On the whole, the 1980s and 1990s represent an era of major automotive disappointment. Smaller, less powerful motors further crippled by strict emissions guidelines. An ever-worsening driving experience and a continued shift away from a proper transmission. Heavier cars which were styled more and more like potatoes. The list goes on…
Wait a second, was this just in America? Judging by the wild turnout at RADwood NorCal last weekend I think it might have been. Keiron will soon be giving you a proper tour around the show at Oyster Point, but I want to investigate the lackluster American market for a moment.
While American carmakers had their hands a bit tied by regulation, it’s almost like many didn’t even try. Cheaper materials and atrocious reliability as a result of attempting to squeeze profit out of thin air left a bad taste in the mouths of consumers and enthusiasts alike. The stigma is finally wearing off, but it’s taken my entire lifetime to turn things around.
Besides a few anomalies, American automakers completely dropped the ball during these decades as they were caught up and passed by the entire rest of the world. At the same time, many argue that all of this innovation elsewhere caused motorsport to peak, and that it’s been worse ever since.
Arguments about how boring Formula 1 is aside (I actually think it’s quite interesting), what’s for certain is that we’ll never, ever really get the same aesthetic back. We can dress up and have a good time as much as we like, but these days are behind us.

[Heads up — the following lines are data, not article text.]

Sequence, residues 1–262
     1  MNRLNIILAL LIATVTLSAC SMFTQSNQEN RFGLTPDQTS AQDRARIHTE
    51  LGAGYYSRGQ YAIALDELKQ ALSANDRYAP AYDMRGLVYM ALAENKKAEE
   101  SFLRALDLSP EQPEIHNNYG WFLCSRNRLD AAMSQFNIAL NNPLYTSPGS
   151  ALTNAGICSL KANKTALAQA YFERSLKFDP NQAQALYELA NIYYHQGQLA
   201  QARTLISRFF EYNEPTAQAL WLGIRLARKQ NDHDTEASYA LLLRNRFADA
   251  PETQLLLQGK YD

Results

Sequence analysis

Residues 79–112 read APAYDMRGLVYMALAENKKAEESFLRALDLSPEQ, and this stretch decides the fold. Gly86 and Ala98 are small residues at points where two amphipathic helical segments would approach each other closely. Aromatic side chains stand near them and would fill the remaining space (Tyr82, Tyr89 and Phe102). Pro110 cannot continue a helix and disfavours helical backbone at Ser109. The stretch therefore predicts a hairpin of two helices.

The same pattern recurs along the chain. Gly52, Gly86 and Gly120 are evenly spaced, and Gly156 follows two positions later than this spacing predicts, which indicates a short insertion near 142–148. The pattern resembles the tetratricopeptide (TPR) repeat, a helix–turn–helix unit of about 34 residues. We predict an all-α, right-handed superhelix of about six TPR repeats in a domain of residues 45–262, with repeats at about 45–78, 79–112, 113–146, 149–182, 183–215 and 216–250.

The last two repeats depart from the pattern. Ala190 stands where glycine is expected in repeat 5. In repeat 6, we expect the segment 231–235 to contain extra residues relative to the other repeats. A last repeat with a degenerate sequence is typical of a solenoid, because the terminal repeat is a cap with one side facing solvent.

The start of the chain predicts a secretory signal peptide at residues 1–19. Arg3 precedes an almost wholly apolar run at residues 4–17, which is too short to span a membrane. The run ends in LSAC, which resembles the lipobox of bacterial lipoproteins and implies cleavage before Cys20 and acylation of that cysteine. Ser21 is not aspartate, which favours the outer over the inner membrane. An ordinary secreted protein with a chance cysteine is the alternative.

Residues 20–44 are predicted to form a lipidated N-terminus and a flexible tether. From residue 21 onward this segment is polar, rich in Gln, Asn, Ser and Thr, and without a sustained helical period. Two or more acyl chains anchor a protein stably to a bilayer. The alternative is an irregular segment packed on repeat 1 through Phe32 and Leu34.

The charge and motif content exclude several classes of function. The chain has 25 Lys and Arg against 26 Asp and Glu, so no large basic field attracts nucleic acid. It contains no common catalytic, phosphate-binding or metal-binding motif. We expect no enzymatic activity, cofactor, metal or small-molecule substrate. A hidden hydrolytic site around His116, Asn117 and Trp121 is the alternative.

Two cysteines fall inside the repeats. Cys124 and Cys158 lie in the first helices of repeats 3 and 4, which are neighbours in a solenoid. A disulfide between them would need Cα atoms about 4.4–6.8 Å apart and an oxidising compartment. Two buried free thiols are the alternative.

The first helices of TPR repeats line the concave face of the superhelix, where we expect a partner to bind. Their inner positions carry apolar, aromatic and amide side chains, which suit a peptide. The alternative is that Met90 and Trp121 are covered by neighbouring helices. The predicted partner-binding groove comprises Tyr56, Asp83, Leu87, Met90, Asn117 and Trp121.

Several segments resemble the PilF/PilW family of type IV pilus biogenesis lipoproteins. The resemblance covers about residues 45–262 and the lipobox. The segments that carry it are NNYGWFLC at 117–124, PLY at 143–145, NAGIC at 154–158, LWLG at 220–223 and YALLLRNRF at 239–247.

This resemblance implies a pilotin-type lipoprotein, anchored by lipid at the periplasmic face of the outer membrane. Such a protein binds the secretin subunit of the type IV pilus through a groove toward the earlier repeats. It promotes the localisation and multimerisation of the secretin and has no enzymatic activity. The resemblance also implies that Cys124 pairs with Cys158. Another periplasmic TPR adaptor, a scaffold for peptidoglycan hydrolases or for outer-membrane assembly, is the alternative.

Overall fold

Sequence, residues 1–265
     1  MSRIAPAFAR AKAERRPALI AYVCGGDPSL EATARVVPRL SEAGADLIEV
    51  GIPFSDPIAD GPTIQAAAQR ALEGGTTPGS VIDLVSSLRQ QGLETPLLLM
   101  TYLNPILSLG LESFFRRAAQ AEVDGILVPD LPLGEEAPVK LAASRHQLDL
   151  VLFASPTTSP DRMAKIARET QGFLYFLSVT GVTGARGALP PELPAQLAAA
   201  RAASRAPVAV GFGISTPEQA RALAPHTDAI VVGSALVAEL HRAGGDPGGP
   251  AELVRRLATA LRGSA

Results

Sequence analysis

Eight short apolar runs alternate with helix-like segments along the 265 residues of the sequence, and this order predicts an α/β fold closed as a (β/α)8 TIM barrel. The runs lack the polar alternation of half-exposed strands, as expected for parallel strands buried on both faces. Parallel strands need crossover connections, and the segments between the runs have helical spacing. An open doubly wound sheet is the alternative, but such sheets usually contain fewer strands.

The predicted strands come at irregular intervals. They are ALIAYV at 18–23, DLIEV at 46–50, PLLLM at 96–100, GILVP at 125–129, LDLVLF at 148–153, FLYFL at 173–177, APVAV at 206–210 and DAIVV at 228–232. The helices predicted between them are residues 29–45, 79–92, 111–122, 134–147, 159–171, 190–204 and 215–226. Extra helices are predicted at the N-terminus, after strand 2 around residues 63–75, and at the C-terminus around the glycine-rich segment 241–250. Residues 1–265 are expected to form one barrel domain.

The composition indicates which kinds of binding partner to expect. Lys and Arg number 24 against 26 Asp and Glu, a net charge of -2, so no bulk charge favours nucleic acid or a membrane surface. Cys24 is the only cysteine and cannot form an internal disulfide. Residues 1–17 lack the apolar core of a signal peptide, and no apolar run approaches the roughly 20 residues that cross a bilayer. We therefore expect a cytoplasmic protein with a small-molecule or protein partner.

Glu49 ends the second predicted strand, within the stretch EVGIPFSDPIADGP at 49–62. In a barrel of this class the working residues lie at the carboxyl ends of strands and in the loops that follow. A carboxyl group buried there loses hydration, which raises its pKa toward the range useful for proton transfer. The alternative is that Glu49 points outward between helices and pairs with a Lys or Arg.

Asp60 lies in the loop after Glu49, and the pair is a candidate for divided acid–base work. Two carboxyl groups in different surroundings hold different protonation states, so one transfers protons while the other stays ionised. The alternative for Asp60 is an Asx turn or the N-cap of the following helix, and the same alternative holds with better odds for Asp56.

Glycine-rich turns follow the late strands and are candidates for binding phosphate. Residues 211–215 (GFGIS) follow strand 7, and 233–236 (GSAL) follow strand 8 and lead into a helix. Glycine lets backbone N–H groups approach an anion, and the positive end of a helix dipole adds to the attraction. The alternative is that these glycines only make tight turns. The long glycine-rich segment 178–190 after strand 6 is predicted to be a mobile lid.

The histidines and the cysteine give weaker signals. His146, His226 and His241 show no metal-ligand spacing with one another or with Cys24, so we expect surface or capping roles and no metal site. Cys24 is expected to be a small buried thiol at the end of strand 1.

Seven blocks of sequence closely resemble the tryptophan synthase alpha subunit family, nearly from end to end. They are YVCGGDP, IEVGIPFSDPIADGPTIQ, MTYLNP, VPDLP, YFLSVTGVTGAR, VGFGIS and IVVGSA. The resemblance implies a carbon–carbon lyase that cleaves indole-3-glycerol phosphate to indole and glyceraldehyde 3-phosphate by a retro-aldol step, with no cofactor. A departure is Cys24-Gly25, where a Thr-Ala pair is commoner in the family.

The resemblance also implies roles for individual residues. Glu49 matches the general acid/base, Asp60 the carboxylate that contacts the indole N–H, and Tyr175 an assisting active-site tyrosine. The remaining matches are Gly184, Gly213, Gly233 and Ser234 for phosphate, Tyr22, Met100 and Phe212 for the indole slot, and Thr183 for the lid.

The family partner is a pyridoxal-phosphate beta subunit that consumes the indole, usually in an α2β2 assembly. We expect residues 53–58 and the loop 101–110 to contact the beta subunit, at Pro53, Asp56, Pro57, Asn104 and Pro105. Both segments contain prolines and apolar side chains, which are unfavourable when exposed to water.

To further drive home this point, automakers will never, ever again (for better or for worse) make cars the way they did in the ‘80s and ‘90s. It just won’t happen.The Grass Is Greener
Depending on the market you look at, this is either a shame or a blessing. Thinking about this, it seems like it might be as simple as a ‘grass is greener’ sort of situation. In Japan, old school American muscle cars are possibly more coveted than here at home. Meanwhile, these ‘80s and ‘90s Euro-stars and JDM survivors are in huge demand here in the United States.
It seems almost too soon to revel in the glory of the ‘90s, but we always want what we can’t have. But on this note, you actually can have the performance cars of yesterday, which still make great canyon carvers today.
Furthermore, people carriers and utility vehicles alike from back in the day are a blank canvas when it comes to modification. The sky’s the limit, but what is it about this time period that’s specifically nostalgic for you?
In relation to RADwood, it’d personally be the car I had as a Hot Wheels when I was a kid: this championship-winning Duracell Trans Am Camaro racer hiding behind an ’80s Z28.
If I could take home any car from the show, this would be it. So, as much as American cars from the era were a disappointment, I’d still have one. Typical American.
There are plenty of things we miss from years past, but what is it about the ‘80s and ‘90s that was special to you?
Post a photo of whatever it is below. So long as it’s something fast.
Trevor Yale Ryan